Association between location of out-of-hospital cardiac arrest and accessibility

Association between location of out-of-hospital cardiac arrest, on-scene socioeconomic status, and accessibility to public automated defibrillators in two large metropolitan areas in Canada and France

Heidet M, Freyssenge J, Claustre C, Deakin J, Helmer J, Thomas-Lamotte B, Wohl M, Danny Liang L, Hubert H, Baert V, Vilhelm C, Fraticelli L, Mermet É, Benhamed A, Revaux F, Lecarpentier É, Debaty G, Tazarourte K, Cheskes S, Christenson J, El Khoury C, Grunau B; RéAC, CanROC, ReACanROC investigators

Resuscitation 2022 Oct. Online ahead of print. 


To compare walking access times to automated external defibrillators (AEDs) between area-level quintiles of socioeconomic status (SES) in out-of-hospital cardiac arrest (OHCA) cases occurring in 2 major urban regions of Canada and France.
This was an international, multicenter, retrospective cohort study of adult, non-traumatic OHCA cases in the metropolitan Vancouver (Canada) and Rhône County (France) regions that occurred between 2014 and 2018. We calculated area-level SES for each case, using quintiles of country-specific scores (Q5 = most deprived). We identified AED locations from local registries. The primary outcome was the simulated walking time from the OHCA location to the closest AED (continuous and dichotomized by a 3-minute 1-way threshold). We fit multivariate models to analyze the association between OHCA-to-AED walking time and outcomes (Q5 vs others).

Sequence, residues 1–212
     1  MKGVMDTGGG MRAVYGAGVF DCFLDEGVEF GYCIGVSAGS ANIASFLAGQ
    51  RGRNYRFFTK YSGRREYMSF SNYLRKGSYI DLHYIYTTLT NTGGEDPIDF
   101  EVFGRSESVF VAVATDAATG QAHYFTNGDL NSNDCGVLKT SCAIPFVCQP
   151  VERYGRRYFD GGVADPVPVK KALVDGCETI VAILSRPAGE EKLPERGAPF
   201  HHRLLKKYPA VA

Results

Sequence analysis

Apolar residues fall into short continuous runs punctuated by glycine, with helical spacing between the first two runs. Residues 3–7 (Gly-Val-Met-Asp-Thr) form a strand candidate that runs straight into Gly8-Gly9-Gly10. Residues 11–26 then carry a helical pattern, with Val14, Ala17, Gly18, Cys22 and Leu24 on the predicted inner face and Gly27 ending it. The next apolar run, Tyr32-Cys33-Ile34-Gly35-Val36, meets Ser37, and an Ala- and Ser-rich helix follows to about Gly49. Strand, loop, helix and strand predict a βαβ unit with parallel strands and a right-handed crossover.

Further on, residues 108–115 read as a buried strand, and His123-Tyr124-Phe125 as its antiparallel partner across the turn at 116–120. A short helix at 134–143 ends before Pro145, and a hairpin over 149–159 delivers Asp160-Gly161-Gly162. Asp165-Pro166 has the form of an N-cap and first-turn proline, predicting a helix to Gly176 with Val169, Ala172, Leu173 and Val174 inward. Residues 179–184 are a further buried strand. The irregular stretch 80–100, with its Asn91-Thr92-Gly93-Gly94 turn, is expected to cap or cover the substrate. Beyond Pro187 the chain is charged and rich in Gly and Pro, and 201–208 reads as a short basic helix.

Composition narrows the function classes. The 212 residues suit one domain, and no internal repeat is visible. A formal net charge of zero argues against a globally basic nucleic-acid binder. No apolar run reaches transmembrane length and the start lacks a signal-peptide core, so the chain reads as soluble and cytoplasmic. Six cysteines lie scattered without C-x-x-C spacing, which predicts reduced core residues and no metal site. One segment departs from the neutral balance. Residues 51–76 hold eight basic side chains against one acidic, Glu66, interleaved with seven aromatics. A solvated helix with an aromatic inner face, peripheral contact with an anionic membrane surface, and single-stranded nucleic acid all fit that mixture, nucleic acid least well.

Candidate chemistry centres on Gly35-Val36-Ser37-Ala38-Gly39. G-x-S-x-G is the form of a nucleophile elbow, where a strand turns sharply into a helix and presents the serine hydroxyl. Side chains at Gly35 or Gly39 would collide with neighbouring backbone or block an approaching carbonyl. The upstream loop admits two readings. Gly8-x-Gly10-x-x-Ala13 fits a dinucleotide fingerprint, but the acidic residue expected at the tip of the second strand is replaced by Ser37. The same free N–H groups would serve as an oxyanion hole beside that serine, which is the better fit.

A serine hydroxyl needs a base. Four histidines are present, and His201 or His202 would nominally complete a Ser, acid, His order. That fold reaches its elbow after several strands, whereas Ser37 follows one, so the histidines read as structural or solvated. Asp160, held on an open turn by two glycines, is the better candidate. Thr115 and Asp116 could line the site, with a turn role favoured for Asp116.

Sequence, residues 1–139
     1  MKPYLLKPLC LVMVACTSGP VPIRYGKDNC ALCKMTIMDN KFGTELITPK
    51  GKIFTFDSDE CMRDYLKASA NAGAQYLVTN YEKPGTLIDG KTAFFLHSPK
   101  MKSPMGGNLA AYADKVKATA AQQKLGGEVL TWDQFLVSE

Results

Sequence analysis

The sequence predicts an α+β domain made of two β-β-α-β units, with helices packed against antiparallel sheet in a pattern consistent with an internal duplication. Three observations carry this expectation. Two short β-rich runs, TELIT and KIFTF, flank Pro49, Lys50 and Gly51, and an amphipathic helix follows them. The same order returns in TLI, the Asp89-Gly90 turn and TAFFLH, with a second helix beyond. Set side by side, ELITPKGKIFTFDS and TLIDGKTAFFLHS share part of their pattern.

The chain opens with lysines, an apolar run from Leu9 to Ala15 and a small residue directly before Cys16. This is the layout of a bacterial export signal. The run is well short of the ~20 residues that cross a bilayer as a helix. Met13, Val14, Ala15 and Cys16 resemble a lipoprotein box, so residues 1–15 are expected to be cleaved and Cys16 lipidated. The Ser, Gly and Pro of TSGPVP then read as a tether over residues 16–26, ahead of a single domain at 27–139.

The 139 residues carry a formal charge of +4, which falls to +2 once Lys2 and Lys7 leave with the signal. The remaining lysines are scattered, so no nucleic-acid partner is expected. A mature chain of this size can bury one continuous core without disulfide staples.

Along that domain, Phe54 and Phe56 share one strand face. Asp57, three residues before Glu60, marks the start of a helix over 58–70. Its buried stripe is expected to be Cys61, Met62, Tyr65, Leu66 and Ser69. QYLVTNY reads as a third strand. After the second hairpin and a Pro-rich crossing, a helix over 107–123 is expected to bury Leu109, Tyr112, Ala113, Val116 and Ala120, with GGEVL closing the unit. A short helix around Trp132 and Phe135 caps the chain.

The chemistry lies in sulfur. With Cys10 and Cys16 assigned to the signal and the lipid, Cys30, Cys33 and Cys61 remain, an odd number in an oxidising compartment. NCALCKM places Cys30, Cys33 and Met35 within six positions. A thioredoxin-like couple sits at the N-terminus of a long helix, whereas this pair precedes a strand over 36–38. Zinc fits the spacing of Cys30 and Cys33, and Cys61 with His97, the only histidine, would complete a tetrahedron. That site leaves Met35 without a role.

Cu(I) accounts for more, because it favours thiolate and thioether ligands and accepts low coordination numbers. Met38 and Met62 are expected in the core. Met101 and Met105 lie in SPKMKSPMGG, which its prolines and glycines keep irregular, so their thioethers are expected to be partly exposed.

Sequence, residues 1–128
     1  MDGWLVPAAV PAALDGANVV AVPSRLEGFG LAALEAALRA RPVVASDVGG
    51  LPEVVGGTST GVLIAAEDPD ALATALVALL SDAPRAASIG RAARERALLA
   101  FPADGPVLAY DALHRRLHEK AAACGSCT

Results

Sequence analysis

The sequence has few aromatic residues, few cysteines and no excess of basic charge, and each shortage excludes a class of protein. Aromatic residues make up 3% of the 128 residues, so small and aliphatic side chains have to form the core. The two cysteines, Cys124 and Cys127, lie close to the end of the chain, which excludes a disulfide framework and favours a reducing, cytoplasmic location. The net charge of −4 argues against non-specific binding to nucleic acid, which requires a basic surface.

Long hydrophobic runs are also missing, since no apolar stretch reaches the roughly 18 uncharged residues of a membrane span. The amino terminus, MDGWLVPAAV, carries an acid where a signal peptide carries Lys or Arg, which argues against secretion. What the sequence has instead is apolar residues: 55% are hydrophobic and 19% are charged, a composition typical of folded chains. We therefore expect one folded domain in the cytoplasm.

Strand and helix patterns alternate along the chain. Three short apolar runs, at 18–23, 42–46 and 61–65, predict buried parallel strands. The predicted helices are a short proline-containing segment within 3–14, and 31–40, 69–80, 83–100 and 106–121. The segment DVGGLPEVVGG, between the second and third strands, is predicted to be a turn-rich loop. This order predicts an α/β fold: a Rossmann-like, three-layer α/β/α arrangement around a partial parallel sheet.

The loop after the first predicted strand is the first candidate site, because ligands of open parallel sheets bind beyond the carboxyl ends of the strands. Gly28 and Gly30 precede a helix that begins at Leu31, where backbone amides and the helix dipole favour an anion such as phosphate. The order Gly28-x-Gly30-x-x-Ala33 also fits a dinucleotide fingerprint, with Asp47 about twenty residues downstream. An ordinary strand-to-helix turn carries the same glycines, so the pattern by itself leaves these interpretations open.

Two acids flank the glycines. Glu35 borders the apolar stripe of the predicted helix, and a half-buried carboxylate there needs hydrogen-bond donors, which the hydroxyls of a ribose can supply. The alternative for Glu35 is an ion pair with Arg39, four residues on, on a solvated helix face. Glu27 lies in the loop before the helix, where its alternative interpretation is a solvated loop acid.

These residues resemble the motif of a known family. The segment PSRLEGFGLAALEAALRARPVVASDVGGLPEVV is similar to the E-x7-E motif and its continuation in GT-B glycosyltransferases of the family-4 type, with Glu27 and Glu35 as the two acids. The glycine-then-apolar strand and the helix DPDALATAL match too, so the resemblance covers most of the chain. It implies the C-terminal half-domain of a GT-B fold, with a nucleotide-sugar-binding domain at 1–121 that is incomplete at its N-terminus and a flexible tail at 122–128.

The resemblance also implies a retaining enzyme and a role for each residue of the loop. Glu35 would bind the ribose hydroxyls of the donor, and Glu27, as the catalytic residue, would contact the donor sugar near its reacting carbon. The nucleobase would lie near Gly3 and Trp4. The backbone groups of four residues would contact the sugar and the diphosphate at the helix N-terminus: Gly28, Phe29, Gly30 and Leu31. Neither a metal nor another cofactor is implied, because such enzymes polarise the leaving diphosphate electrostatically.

A total of 6,187 and 3,239 cases were included from the Metro Vancouver and Rhône County areas, respectively. In Metro Vancouver Q5 areas (vs Q1-Q4), areas, AEDs were farther from (79 % over 400 m from case vs 67 %, p < 0.001) and required longer walking times to (97 % above 3 min vs 91 %, p < 0.001) cases. In Rhône Q5 areas, AEDs were closer than in other areas (43 % over 400 m from case vs 50 %, p = 0.01), yet similarly poorly accessible (85 % above 3 min vs 86 %, p = 0.79). In multivariate models, AED access time ≥ 3 min was associated with decreased odds of survival at hospital discharge in Metro Vancouver (odds ratio 0.41, 95 % CI [0.23–0.74], p = 0.003).
Accessibility of public AEDs was globally poor in Metro Vancouver and Rhône, and even poorer in Metro Vancouver’s socioeconomically deprived areas.

DOI: 10.1016  PMID: 36309249

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